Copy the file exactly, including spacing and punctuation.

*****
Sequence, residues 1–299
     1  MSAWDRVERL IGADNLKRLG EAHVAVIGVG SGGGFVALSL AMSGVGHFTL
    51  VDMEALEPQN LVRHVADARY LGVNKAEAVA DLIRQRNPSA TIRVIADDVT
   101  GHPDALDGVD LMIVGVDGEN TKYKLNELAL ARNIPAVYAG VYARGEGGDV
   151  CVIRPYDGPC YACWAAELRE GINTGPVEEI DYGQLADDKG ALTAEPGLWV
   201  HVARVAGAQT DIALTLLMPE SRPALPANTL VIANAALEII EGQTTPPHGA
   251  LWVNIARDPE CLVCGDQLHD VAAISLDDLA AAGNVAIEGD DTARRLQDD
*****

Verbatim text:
Sequence, residues 1–299
     1  MSAWDRVERL IGADNLKRLG EAHVAVIGVG SGGGFVALSL AMSGVGHFTL
    51  VDMEALEPQN LVRHVADARY LGVNKAEAVA DLIRQRNPSA TIRVIADDVT
   101  GHPDALDGVD LMIVGVDGEN TKYKLNELAL ARNIPAVYAG VYARGEGGDV
   151  CVIRPYDGPC YACWAAELRE GINTGPVEEI DYGQLADDKG ALTAEPGLWV
   201  HVARVAGAQT DIALTLLMPE SRPALPANTL VIANAALEII EGQTTPPHGA
   251  LWVNIARDPE CLVCGDQLHD VAAISLDDLA AAGNVAIEGD DTARRLQDD